top photo via Food Network
bottom two photos by Anthony Palatta
One afternoon I was flipping channels while on the treadmill at my gym, and I happened to land upon Cooking for Real, which features Sunny Anderson. Though I haven't made any of her recipes before, I like watching Sunny, who strikes me as a fun, big sister type, and also seems to enjoy food even more than I do.
That afternoon, Sunny was making a red velvet cake, but not just any red velvet cake. This was a four-layer, frosted extravaganza. It began by baking a single wide sheet of cake in a jelly roll pan. The sheet was cut into quarters, and then layered with a creamy-looking sugar frosting that Sunny had cooked on her stovetop, just as she used to watch her grandmother do.
I immediately went home and printed out the recipe. However, it's taken me about six months to actually dare to make it.
There were a few modifications. Sunny's recipe calls for two ounces of red food coloring, which I couldn't find in any of my usual grocery haunts. Instead, I ended up buying professional grade food gel from Broadway Panhandler, which worked just as well. (The batter looked rusty pink, but the cake turned deep red as it baked.)
One of the people commenting on the recipe at the Food Network site said she'd added a tablespoon of vegetable oil to the party, which sounded like a good idea to me to keep the cake moist. And the cake took only 22 minutes to bake in my oven, as opposed to "about 30" in the recipe. Finally, I decided to omit adding chopped pecans between each layer (mostly because I don't like nuts in cakes), though I did sprinkle a few on top for decoration.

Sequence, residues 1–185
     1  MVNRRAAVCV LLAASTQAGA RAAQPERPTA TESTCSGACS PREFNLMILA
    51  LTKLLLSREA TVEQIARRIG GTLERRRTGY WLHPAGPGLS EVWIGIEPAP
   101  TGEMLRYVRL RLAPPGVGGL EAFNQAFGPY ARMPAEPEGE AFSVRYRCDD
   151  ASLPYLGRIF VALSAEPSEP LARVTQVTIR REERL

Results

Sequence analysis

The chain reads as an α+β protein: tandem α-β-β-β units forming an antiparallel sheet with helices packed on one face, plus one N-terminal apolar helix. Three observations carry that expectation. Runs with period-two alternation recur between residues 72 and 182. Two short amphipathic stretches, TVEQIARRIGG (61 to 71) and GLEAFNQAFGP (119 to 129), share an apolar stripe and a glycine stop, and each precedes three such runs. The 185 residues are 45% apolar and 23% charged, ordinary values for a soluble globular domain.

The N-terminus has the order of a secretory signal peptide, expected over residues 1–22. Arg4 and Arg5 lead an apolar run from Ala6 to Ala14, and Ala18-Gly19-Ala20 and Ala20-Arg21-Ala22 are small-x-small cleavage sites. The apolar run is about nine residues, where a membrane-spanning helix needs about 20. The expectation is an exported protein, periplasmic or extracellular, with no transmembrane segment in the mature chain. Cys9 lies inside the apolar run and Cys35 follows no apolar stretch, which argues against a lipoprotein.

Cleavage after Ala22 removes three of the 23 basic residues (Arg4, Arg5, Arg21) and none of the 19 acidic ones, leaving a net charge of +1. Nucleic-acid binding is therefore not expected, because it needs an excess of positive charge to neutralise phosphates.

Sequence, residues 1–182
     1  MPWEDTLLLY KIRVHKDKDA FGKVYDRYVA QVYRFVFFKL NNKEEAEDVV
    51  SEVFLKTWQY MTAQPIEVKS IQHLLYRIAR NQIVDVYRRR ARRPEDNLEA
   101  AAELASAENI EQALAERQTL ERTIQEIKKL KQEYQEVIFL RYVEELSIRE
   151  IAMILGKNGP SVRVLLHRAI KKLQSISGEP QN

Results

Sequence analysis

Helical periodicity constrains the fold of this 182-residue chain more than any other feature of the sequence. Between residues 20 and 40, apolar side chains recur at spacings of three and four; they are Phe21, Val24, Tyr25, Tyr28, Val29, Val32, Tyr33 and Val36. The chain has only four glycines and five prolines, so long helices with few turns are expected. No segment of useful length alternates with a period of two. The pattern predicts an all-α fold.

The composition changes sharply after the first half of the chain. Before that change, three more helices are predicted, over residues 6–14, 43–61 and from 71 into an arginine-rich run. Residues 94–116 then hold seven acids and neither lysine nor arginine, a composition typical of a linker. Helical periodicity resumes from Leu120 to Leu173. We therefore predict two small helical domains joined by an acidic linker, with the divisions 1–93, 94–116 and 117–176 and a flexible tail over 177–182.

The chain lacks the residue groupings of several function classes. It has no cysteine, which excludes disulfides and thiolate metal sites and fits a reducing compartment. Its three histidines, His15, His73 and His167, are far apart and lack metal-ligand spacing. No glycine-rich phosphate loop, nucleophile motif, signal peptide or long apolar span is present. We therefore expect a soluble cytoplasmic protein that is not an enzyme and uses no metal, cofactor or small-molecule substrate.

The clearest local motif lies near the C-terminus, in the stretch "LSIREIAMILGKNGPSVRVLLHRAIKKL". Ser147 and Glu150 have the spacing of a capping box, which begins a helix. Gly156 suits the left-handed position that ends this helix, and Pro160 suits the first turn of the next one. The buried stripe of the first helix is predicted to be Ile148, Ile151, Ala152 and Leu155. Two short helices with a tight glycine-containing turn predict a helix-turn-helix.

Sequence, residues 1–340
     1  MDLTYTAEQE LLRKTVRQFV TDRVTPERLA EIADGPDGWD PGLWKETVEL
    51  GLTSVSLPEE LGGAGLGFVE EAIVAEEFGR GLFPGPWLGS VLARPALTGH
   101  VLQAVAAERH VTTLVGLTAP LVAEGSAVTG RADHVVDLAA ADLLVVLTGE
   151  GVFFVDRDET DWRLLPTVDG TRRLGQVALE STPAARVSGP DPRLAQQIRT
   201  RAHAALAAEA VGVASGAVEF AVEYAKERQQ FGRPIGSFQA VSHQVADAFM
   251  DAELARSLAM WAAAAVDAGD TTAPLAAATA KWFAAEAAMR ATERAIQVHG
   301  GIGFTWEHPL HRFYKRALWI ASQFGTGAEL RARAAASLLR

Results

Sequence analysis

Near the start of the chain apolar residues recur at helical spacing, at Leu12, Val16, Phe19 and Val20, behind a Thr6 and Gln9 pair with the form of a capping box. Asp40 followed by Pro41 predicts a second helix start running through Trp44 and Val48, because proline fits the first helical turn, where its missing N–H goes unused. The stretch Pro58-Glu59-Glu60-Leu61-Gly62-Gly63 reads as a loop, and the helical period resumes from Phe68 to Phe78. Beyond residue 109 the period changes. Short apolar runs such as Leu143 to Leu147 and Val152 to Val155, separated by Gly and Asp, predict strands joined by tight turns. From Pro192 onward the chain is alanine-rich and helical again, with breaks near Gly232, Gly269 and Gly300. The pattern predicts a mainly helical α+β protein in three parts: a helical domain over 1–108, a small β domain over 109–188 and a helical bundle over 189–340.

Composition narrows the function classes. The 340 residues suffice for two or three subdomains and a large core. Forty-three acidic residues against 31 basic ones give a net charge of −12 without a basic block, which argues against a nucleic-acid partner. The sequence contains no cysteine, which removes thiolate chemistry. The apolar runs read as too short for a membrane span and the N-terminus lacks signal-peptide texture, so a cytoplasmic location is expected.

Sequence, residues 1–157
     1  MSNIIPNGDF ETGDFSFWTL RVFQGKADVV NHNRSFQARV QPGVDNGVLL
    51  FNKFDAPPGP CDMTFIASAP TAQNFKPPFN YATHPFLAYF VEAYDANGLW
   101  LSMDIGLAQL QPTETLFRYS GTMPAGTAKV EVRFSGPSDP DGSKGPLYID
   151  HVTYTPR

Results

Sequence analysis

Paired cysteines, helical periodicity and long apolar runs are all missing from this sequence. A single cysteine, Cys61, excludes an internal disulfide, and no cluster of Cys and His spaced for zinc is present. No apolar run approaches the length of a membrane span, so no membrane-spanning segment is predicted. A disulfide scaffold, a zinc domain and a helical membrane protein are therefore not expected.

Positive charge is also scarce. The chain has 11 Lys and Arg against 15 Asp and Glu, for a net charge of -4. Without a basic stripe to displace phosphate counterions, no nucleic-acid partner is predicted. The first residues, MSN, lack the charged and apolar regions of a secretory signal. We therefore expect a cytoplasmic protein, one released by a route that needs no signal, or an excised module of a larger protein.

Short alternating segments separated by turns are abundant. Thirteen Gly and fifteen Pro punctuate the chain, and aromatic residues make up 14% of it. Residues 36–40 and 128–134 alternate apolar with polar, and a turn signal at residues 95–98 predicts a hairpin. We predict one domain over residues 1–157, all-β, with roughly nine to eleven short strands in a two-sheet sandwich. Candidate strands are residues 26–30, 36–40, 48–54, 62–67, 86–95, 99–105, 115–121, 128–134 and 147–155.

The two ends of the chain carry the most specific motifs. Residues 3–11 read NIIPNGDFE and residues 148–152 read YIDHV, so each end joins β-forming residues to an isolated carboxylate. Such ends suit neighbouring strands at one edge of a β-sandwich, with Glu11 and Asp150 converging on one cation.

After taking the cake out of the oven, I made the boiled frosting, which came together easily, though it was thinner than I'd expected, more of a glaze or sauce.
My biggest issue was trying to stack the layers as Sunny had done so easily on her show. Once the cake was cool, I inverted it, as the recipe directed, onto a cutting board. I then cut the cake into quarters and transferred it to a plate, one layer at a time. Unfortunately, the moist top of the cake kept sticking the plastic cutting board. Also, the cake was so tender that it broke in half. Finally, I resorted to making two four-layer square cakes instead of one long rectangular one.
I may not have used enough icing between the layers, either. My result ended up looking nothing like the luscious picture on Sunny's recipe at the Food Network. (See top photo on this blog for a comparison.)
Still, the taste was absolutely delicious. The cake is one of the best red velvets I've ever tasted, though four layers are a bit decadent. I think one reason it came out so moist was that I used buttermilk from a wonderful cheesemonger called Saxelby in the Essex Street Market, here on Manhattan's Lower East Side.
My verdict is still out on the frosting. The flavor compliments the cake, but the runny consistency made it difficult to work with and build up volume between the layers.
All in all, a successful red velvet adventure!